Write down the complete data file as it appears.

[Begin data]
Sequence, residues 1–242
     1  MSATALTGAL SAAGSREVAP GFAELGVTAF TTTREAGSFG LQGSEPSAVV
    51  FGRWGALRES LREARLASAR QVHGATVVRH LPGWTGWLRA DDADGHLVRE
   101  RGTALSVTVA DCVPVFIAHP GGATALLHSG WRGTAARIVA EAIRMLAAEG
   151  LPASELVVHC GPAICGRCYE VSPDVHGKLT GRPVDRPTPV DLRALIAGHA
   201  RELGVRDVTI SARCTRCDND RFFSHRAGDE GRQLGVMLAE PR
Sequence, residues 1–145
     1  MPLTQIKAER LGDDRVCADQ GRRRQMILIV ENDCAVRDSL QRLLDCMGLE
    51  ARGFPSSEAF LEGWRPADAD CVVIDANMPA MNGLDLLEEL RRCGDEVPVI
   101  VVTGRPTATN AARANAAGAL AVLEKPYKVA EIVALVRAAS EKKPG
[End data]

Sequence, residues 1–242
     1  MSATALTGAL SAAGSREVAP GFAELGVTAF TTTREAGSFG LQGSEPSAVV
    51  FGRWGALRES LREARLASAR QVHGATVVRH LPGWTGWLRA DDADGHLVRE
   101  RGTALSVTVA DCVPVFIAHP GGATALLHSG WRGTAARIVA EAIRMLAAEG
   151  LPASELVVHC GPAICGRCYE VSPDVHGKLT GRPVDRPTPV DLRALIAGHA
   201  RELGVRDVTI SARCTRCDND RFFSHRAGDE GRQLGVMLAE PR
Sequence, residues 1–145
     1  MPLTQIKAER LGDDRVCADQ GRRRQMILIV ENDCAVRDSL QRLLDCMGLE
    51  ARGFPSSEAF LEGWRPADAD CVVIDANMPA MNGLDLLEEL RRCGDEVPVI
   101  VVTGRPTATN AARANAAGAL AVLEKPYKVA EIVALVRAAS EKKPG